So to me, other than food, exercise, particularly as you get older, becomes more and more important. And the right kind of exercise. Yes, we need fitness and cardiovascular fitness. VO2 Max is the measurement of your fitness level. It’s how much oxygen you consume per minute, which is related to how many calories you can burn. It’s a measurement of your mitochondria and your fitness level, [which is] very important. But also, strength training and muscle mass. This is where I think a lot of people go wrong with longevity. They miss the importance of resistance exercising, and the importance of protein along with it, to build muscle and make healthy muscle. Because you can have unhealthy muscle, which is marbled like ribeye steak, or you can have a filet mignon, which is what we really want. The reality is that muscle is the currency of aging, and if you lose muscle, which we all do if we don’t do anything. When I was 50, I couldn’t do 10 push-ups. Now I can do 80 or 90 push-ups without stopping. That’s a big change. I look at myself when I was 50, and I’m way more in shape now at 63 because I’ve understood what to do and how to do it. And it’s not like I spent hours and hours a day exercising, although I’d love to. I’m too busy. But with very limited amounts [of] the right types [of exercises], you can see really tremendous changes in your body.
So I think it’s important for us to commit to some type of resistance training as we get older. And also flexibility—yoga, stretching, whatever you like to do. Because when you become stiff and rigid, that’s not a good thing with aging. The reason people end up in nursing homes is they can’t cut their toenails or tie their shoes.
Chris Kresser: Absolutely. Or as the saying goes in medicine, break your hip, die of pneumonia. Premature fractures are one of the leading causes of death in the elderly, and that often happens because of not enough muscle, not enough flexibility, etc.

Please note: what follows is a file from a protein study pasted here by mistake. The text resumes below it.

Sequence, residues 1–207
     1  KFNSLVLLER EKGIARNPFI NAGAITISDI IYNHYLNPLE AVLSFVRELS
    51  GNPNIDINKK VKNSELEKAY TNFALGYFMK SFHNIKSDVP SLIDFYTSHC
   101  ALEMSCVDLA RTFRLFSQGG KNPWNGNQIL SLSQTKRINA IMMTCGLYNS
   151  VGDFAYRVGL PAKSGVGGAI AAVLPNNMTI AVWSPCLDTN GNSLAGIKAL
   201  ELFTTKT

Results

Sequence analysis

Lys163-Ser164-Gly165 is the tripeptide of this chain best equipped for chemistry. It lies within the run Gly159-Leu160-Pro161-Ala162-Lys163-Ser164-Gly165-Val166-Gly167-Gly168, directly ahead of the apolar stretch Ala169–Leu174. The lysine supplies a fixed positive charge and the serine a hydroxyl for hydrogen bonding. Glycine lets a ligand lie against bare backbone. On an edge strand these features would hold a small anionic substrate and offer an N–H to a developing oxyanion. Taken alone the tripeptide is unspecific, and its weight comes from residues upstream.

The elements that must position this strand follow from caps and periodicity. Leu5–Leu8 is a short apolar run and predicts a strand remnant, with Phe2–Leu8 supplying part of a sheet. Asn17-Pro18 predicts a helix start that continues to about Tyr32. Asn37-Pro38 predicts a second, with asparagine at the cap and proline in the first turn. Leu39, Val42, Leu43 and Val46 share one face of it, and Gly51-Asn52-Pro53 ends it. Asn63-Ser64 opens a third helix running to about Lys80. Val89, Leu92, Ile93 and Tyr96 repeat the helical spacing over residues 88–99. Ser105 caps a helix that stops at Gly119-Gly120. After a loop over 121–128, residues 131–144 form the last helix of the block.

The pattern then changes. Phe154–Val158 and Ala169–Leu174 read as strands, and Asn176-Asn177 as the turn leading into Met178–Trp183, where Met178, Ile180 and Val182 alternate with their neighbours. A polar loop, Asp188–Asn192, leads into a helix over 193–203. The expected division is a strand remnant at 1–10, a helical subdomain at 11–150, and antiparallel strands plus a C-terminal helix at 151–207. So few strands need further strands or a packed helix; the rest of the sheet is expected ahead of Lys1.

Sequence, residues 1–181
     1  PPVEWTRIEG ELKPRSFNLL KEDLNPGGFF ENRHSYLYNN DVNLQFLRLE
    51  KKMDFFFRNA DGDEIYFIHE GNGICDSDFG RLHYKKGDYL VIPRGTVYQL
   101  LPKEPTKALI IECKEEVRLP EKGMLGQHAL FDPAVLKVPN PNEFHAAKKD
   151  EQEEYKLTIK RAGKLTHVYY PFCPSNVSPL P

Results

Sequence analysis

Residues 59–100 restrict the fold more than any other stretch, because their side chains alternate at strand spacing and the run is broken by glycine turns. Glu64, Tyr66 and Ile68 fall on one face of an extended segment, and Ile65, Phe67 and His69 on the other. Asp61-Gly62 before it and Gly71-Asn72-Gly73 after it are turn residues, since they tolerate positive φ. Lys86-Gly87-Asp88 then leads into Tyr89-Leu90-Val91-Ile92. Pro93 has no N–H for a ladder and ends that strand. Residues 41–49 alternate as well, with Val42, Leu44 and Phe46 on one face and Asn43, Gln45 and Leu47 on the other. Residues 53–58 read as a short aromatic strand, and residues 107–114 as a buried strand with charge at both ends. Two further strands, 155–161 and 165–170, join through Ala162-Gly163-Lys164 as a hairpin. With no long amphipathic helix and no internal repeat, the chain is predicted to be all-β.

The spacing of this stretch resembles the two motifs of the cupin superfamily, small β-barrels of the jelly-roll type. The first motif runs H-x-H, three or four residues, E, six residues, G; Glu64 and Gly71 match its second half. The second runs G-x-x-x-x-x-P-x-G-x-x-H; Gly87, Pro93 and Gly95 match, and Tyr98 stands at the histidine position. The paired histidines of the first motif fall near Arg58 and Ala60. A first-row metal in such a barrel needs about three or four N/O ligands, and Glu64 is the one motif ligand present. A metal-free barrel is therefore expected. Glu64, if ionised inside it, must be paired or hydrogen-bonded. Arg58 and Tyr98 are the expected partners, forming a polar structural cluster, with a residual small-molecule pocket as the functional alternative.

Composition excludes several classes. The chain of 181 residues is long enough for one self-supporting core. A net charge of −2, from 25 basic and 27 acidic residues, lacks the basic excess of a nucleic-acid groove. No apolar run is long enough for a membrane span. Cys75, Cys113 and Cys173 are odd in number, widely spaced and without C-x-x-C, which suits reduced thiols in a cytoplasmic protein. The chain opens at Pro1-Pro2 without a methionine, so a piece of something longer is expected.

Mark Hyman: Totally.
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Chris Kresser: You and I both have practices where we treat a lot of people with complex chronic illness, and I would say the same thing to my patients with chronic illnesses. Even though it was counterintuitive for them, like “What? I’m sick and you’re telling me I need to go lift weights and build muscle?” But building muscle is really important for anyone who’s struggling with any kind of chronic health challenge for the same reason that it’s important as we age—muscle is the source of metabolic health and vitality.
Mark Hyman: Yeah, yeah. That’s the thing people don’t realize. Your muscle is not just moving your bones and skeleton around. It’s an incredible metabolic organ. If you have marbled fat as you get older, which can happen, you can be the same weight at 65 than you were 25 but literally be twice as fat. And when that happens, you get this thing called sarcopenia, which is the death knell. That means your muscle is not able to regulate your blood sugar very well, your mitochondria are not functioning well, you have more inflammation, you have lower testosterone, you have lower growth hormone, you have higher cortisol, [and] you have more oxidative stress. Pretty much everything you don’t want as you age happens as you lose muscle.
I always hated strength training. I didn’t like gyms. They were smelly and [had] all these muscle heads, and I just didn’t like it. No offense to the muscle heads, but I’m a tall, skinny guy, and I’m like, “Uh …” But I’ve used bands and resistance training, and I can do it at home. I can use body weight. And I’ve found it also helps me just feel better and move better and do more stuff. It’s amazing to see what my body can do at 63 years old. When most people my age are on their way down, I feel like I keep getting better. I get better at tennis, I get better at my fitness, I get stronger, [and] I get more muscles. I’m like, “Wow, this is really amazing. This shit works.”
Chris Kresser: Yeah, it’s incredible. I’m a little younger than you, but at 48, I feel more fit than I have been in my adult life. All of my activities, it’s the same. And I just want to emphasize [what] you said before—we’re not talking about having to be in the gym for two hours a day. In fact, I never go to the gym. I got some equipment [and] I have it in my garage, so I just go out there. And there [are] so many new ways you can train that weren’t around when we were younger. There’s bands, like you said, there’s the X3 system, which is also resistance band, there’s kettlebell training, there’s all kinds of functional bodybuilding, TRX, all this. You don’t have to get bored. You can bring TRX straps in your bag when you travel and hang them on the back of your hotel room door and get a really good workout.
Mark Hyman: I use bands. I use Tom Brady’s program. Tom Brady [is a] legendary football player, but he never lifted weights. He used resistance bands. He (inaudible 35:18) pliability, flexibility, and resistance bands. It’s just amazing how great they are. You don’t injure yourself, [and] you can do it anywhere. I can do it literally anywhere I am. I bring them to the hotel room or when I’m in somebody’s house, and I just [strap] it to a bed. If I need to, I can hook it onto a railing or to a tree or anything. It’s quite amazing.